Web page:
HTML was designed as a hypertext markup language, and the web evolved around it. It wasn't designed for everybody to be able to access every document, and it certainly wasn't designed for everybody to be able to republish every document. Even if it was, that doesn't mean it has to be used that way.

    If someone is stupid enough to put documents intended not to be public on the public world wide web, that's their issue.

    Even if somebody is stupid, they don't lose the protection of the law. Again, this isn't some weird fascistic "might is right" country.

    It is not a transgression on the part of the person who used the URL to access the content, doing nothing more than the technology is explicitly designed to do.

    Repeat of incorrect origin; repeat of origin fallacy.

    This is just another example of judges who got an A in social studies and a C in technical subjects making asinine rulings about use of technology they don't understand.

    Well, as someone with an LLB (England+Wales), an MSc in mathematics, and a computing bachelors, I'm fairly sure I understand the difference between technology and the law. And I bet the judge you're prejudging does too. There are a lot of judges with a biased axe to grind, and a few who are outright corrupt, but not many at all are dumb - this is something the activist layperson doesn't like to acknowledge, because surely someone who disagrees with you has to be thick? Wrong. Same thing applies to the legislators, fwiw.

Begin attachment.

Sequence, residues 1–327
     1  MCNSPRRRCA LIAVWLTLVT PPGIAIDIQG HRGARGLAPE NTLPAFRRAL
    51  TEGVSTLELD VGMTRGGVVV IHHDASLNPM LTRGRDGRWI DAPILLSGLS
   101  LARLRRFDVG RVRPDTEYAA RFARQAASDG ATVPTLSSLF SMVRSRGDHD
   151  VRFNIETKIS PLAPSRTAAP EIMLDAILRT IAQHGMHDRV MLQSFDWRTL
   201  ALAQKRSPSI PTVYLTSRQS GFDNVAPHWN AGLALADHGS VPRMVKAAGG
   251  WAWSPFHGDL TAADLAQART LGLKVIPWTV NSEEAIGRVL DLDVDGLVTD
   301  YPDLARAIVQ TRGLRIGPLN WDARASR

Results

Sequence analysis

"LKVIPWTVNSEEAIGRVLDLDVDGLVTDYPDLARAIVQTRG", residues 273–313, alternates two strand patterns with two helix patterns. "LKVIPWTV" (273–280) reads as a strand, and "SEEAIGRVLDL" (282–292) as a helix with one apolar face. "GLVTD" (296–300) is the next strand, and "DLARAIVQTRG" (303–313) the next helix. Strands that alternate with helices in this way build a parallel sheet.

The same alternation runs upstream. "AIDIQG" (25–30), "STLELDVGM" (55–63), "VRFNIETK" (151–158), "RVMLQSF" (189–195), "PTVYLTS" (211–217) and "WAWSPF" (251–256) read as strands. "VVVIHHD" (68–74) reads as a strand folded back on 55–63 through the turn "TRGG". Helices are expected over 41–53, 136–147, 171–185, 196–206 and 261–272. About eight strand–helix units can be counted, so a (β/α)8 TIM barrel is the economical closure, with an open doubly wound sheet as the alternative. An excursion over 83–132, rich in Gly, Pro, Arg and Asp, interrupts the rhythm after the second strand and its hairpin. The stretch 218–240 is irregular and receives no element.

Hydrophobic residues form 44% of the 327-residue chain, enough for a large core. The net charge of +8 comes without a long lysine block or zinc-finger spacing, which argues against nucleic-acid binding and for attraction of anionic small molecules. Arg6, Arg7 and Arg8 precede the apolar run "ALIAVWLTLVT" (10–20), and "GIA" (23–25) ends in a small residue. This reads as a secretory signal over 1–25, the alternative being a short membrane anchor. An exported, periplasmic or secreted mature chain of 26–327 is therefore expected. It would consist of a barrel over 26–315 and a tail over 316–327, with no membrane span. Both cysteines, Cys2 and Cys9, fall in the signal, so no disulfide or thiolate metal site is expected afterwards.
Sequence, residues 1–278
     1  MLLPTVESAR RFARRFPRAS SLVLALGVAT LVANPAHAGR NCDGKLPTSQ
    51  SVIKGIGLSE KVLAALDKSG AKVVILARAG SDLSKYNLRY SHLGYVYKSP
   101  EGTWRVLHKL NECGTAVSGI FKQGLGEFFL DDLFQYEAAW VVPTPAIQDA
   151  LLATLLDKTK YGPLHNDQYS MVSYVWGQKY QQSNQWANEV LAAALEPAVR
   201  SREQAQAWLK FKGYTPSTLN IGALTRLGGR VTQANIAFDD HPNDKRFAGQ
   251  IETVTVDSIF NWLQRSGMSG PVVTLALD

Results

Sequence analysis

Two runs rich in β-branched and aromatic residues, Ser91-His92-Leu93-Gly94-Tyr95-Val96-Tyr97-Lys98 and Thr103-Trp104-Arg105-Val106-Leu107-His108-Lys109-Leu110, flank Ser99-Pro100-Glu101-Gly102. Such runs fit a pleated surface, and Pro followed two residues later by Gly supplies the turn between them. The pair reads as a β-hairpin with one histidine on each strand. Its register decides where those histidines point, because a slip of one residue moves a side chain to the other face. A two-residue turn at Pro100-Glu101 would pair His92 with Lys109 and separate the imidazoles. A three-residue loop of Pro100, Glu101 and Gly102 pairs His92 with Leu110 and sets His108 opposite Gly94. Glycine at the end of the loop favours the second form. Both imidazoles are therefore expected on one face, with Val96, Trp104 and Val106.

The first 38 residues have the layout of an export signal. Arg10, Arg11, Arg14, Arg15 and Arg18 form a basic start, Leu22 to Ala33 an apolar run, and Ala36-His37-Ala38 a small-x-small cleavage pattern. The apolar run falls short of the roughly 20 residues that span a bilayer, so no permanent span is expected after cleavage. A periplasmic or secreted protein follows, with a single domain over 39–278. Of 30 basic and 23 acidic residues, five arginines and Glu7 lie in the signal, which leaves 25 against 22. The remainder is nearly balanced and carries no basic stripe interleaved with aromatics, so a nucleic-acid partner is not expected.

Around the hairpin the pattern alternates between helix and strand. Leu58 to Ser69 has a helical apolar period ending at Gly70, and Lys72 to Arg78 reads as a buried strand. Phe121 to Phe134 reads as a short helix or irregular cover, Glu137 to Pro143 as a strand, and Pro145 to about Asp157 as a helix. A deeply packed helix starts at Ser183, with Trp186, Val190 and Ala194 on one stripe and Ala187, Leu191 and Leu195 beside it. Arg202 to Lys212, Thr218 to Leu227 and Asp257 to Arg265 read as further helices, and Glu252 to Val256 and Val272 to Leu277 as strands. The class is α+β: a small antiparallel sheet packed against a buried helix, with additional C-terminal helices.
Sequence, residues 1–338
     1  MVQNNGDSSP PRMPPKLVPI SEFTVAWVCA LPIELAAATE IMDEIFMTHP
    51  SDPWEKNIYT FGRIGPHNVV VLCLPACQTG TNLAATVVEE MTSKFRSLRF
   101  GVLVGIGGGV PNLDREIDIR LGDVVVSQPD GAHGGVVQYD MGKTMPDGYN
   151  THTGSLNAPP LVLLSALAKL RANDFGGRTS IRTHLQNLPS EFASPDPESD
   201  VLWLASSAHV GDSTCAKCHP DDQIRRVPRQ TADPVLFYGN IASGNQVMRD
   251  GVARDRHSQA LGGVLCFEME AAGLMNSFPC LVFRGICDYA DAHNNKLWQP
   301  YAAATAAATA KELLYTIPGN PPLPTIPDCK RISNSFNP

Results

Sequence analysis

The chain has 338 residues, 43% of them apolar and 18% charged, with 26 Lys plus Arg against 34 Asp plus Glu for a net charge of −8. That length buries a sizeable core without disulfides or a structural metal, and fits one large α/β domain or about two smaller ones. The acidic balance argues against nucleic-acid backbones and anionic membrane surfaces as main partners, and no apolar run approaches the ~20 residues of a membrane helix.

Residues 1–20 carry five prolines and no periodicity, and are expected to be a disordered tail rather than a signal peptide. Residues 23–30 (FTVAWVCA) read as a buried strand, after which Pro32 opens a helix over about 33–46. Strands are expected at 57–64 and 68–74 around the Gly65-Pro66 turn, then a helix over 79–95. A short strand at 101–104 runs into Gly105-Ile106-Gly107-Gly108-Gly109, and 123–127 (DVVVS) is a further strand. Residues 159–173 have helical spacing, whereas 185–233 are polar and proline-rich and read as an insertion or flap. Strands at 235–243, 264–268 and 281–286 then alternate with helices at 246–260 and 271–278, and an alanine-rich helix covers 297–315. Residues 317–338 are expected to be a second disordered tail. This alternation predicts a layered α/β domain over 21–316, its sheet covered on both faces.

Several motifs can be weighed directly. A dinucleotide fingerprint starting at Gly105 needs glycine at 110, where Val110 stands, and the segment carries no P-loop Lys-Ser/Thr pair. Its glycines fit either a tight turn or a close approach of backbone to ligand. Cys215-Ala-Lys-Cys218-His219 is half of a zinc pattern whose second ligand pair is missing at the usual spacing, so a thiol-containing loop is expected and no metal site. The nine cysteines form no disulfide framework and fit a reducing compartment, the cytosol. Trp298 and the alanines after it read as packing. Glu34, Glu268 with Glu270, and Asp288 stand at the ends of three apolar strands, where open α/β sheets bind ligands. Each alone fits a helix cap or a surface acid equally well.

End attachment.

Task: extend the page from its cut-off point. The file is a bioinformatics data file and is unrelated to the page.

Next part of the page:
• Re:Hacker??!! (Score:5, Informative)

    by icebike (68054) on Tuesday February 11, 2014 @09:42PM (#46225243)

    In the absence of any keep out signs, (there weren't any), even in France, public items are for free for public consumption.

    The only strawman around here is you, and you seem to have most of it in your head.
    This guy did nothing wrong. The documents were freely available on the web. There was no security on the site, and no copyright on the documents.

    As he states on TFA:

    Through a Google search which strictly did not have anything to do with ANSES or with public health, I found myself in the ANSES extranet. Simply by clicking on a search result.

    First observation: there are a lot of documents freely available here.
    Second observation: they speak about public health.
    Third observation: L’ANSES is a public establishment.